Local Representatives Split Votes By Miriam Raftery
June 10, 2009 (Washington D.C.)--Three local representatives have voted in favor of a “cash for clunkers” program that will allow consumers to trade in their old, gas-guzzling cars for vouchers worth up to $4,500 to help people buy new, more fuel-efficient vehicles.
The Consumer Assistance to Recycle and Save Act (HR 2751) aims to spur sale of up to one million more fuel-efficient cars and trucks, while stimulating the ailing auto industry and reducing U.S. dependence on foreign oil. The bill passed the U.S. House of Representatives by a 298 to 119 margin. Among San Diego County representatives, Brian Bilbray, Susan Davis and Bob Filner voted for the measure, while Duncan Hunter and Darrell Issa voted against it.
“This is a smart program that will help grow our clean energy economy, cut down on pollution, and save money at the pump as we reduce consumption by over 250 million gallons of gas,” said Rep. Filner (D-San Diego). “It goes a long way towards getting Americans back to work and behind the wheel of a cleaner, more environmentally-friendly car.”
The legislation provides rebates for cars and trucks in the following four categories:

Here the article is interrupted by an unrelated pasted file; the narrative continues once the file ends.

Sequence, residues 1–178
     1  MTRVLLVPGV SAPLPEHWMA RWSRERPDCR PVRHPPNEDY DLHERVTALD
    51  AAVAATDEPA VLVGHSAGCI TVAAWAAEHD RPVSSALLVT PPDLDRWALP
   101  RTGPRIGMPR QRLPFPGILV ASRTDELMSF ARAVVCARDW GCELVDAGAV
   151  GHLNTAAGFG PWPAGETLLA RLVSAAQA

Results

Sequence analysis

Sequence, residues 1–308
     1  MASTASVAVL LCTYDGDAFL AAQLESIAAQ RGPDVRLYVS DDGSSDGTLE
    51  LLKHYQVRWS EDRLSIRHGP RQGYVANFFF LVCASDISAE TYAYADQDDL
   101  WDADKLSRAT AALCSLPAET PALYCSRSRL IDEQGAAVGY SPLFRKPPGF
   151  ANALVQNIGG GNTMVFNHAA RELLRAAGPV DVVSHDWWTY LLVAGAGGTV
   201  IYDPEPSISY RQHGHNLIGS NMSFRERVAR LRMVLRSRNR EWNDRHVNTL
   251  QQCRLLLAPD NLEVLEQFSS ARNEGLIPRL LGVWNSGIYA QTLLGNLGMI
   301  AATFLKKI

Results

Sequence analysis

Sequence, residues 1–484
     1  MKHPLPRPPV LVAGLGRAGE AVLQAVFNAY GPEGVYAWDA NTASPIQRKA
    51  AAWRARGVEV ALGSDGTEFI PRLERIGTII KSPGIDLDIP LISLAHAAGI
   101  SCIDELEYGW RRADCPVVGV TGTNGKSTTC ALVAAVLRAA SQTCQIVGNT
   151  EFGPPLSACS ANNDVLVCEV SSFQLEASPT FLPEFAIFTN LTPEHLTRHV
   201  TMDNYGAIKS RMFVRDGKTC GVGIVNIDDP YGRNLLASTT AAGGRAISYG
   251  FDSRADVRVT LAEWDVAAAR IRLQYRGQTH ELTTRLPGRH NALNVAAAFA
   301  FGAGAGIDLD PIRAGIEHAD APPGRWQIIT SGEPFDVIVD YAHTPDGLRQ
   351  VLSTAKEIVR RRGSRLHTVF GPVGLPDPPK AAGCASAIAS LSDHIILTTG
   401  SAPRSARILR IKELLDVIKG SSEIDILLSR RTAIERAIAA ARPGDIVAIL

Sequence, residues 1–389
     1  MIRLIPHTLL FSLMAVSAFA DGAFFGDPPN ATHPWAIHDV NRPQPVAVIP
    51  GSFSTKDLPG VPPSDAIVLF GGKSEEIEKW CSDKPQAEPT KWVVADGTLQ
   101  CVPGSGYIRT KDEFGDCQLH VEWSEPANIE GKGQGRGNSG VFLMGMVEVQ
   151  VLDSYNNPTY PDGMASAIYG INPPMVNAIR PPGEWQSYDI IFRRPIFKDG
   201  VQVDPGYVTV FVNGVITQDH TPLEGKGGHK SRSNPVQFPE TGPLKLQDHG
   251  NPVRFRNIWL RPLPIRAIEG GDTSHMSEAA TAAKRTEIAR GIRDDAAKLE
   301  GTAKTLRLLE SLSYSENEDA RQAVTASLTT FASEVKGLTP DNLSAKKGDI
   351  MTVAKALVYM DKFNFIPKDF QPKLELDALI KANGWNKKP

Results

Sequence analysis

• Passenger Cars: The old vehicle must get 18 mpg or less. New vehicles with improvement of at least 4 mpg will get a $3,500 voucher. New vehicles with improvement of at least 10 mpg will get a $4,500 voucher.
• Light-Duty Trucks: The old vehicle must get 18 mpg or less. New vehicles with improvement of at least 2 mpg will get a $3,500 voucher. New vehicles with improvement of at least 5 mpg will get a $4,500 voucher.
• Large light-Duty Trucks: The old vehicle must get 15 mpg or less. New vehicles with improvement of at least 1 mpg will get a $3,500 voucher or trade-in of a “work truck.” New vehicles with improvement of at least 2 mpg will get a $4,500 voucher.
• Work Trucks: The old vehicle must be a pre-2002 model. New vehicles in the same or smaller weight class will get a $3,500 voucher.
Opponents criticized the bill for authorizing $4 billion in spending, subject to appropriations and raised concern that the supply of affordable used cars for sale and donations of cars to charities could be reduced. Supporters argue that economic benefits to the economy and environment will ultimately more than offset the investment.
The bipartisan measure is supported, however, by a broad coalition that includes the AFL-CIO, UAW, car dealers, the U.S. Chamber of Commerce and the National Association of Manufacturers.
“Americans of all stripes have come together on this bill because it’s a win for the consumer, the economy, the environment, and the auto industry,” said Rep. Filner. “We’re able to save American consumers money and save American jobs, at the same time we help our struggling auto dealers and continue down the path towards a cleaner, greener economy.”